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The Right HVAC Unit for Your Home

A couple of months ago, the HVAC unit in my home started malfunctioning. The temperature inside my home soared to over eighty degrees Fahrenheit, even though my air conditioning system ran nonstop. After inspecting my air conditioning unit, my knowledgeable HVAC contractor recommended I purchase a new system. He discussed the pros and cons of installing different sizes of HVAC units with me. After considering my HVAC contractor’s advice, I decided to purchase a three and a half ton HVAC unit. Shortly after my HVAC contractor installed my new air conditioning unit, my house started feeling more comfortable. On this blog, I hope you will discover how an HVAC contractor can help you select the right air conditioning unit for your home. Enjoy!


The Right HVAC Unit for Your Home

How A Furnace Maintenance Technician Keeps Your Gas Furnace Flue In Good Shape

by Jamie Shaw

An important part of furnace maintenance is checking and cleaning the flue. A blocked or bad flue can cause your furnace to malfunction, and it can create a hazardous situation in your home. A furnace maintenance technician checks your flue when doing an annual furnace tune-up. The flue may need to be cleaned then, and if the flue has damage, the technician will let you know so repairs can be done. Here are things to know about flue maintenance in a gas furnace.

How Your Furnace Acts When The Flue Is Blocked

If your furnace flue is blocked with soot, leaves, snow, or a bird's nest, combustion won't be able to take place properly when the burners ignite due to lack of airflow. This can cause your furnace to shut down. After a few cycles of this, your furnace may shut down completely and not start again until it's been reset.

Since toxic gases might accumulate when there isn't enough airflow, your carbon monoxide alarm might go off. Also, it's possible your furnace will heat up and feel hot when you touch the side of it.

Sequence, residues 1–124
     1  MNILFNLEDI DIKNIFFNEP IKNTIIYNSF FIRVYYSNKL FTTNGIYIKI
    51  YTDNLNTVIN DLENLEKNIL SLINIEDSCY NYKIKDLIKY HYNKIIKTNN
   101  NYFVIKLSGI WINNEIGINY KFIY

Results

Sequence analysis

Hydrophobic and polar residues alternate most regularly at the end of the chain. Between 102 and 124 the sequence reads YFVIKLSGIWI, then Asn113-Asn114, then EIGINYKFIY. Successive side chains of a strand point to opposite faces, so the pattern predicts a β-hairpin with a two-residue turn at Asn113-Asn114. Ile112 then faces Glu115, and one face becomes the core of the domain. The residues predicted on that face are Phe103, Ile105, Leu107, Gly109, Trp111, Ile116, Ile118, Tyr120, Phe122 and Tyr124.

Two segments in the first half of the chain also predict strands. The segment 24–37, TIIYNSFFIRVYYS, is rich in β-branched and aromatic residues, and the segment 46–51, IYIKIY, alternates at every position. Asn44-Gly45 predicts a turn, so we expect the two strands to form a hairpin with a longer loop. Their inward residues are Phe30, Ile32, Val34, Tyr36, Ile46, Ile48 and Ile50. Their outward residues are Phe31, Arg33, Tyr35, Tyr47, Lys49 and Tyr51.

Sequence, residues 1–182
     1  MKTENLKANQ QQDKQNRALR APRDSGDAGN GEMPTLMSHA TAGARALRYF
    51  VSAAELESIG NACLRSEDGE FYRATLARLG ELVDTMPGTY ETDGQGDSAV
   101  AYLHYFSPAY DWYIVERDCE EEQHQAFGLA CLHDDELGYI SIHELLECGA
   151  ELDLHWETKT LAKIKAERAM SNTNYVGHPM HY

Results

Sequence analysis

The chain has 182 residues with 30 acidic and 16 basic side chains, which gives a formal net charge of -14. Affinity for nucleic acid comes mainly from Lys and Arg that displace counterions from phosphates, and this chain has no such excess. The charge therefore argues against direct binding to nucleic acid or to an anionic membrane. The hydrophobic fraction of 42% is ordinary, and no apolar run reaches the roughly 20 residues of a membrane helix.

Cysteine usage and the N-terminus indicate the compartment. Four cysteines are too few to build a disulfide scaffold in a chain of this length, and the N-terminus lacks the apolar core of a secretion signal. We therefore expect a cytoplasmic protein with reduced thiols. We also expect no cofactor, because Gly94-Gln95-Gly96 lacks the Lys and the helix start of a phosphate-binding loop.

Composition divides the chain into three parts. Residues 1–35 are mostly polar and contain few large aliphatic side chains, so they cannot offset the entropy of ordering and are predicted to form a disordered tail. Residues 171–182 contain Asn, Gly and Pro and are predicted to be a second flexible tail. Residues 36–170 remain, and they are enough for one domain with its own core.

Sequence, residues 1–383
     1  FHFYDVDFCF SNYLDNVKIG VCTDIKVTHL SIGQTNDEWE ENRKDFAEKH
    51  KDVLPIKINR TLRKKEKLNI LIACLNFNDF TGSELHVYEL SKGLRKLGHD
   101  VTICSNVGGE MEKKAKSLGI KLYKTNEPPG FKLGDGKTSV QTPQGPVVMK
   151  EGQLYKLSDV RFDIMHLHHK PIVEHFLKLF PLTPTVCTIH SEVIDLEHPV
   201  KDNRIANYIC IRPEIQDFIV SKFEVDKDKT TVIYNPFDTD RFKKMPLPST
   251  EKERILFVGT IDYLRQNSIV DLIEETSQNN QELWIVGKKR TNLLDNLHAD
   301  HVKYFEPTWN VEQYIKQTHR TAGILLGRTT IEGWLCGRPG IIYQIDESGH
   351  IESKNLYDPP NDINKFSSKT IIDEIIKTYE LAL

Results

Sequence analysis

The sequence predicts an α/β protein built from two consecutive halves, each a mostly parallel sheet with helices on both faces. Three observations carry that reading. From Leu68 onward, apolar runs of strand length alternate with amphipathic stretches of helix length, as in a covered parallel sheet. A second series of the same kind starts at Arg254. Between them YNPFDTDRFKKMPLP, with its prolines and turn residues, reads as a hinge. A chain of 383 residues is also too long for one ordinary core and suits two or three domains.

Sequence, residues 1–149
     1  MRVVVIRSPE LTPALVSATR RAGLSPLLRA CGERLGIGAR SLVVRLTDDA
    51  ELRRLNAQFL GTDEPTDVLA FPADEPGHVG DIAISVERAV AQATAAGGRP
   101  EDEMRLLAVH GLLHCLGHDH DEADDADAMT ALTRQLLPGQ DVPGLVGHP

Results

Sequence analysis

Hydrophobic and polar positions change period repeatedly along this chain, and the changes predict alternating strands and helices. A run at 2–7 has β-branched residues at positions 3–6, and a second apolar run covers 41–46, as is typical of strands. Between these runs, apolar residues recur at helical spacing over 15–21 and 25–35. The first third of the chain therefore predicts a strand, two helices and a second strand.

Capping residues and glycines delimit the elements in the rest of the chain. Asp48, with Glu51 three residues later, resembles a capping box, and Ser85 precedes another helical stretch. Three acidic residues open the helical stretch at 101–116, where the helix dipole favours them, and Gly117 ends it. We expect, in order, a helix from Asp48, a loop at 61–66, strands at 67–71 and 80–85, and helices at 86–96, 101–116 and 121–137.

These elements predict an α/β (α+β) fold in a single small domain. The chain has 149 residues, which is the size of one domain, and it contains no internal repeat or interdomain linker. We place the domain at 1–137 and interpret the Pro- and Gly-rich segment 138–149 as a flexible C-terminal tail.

What Causes Flue Problems

Clogging is a primary issue that a furnace maintenance technician will check out. Since the top of the flue opens to the outside, anything on your roof that's small enough can fall in and cause a blockage.

In addition, the acidic nature of the gases and water that might be in the pipe can cause the pipe to corrode. If a hole develops or if a joint gets loose, then gases inside the flue might leak into your house and become a health hazard. That's why having a carbon monoxide monitor is important since the gas can't be detected any other way.

What Maintenance Might Be Needed

The furnace maintenance technician will check the flue and clean it when needed. They can remove blocks like a bird's nest and leaves so air can circulate properly. They may also need to brush the pipe to clean soot from inside it.

If necessary, the maintenance technician might need to repair the flue by tightening a joint. However, if a flue has a hole or corrosion, the technician will probably replace the pipe instead.

Besides a visual inspection, the furnace maintenance technician might use a meter to measure the gases in the flue area just to make sure they are in within the normal levels and the carbon monoxide isn't too high.

The technician might also need to use a pipe camera to look inside the pipe if they think there's a problem and they can't see well enough without the camera. They might also change the batteries in your carbon monoxide monitor or remind you to do so to ensure the monitor will work properly throughout the heating season.

For more information on furnace maintenance, contact a professional near you.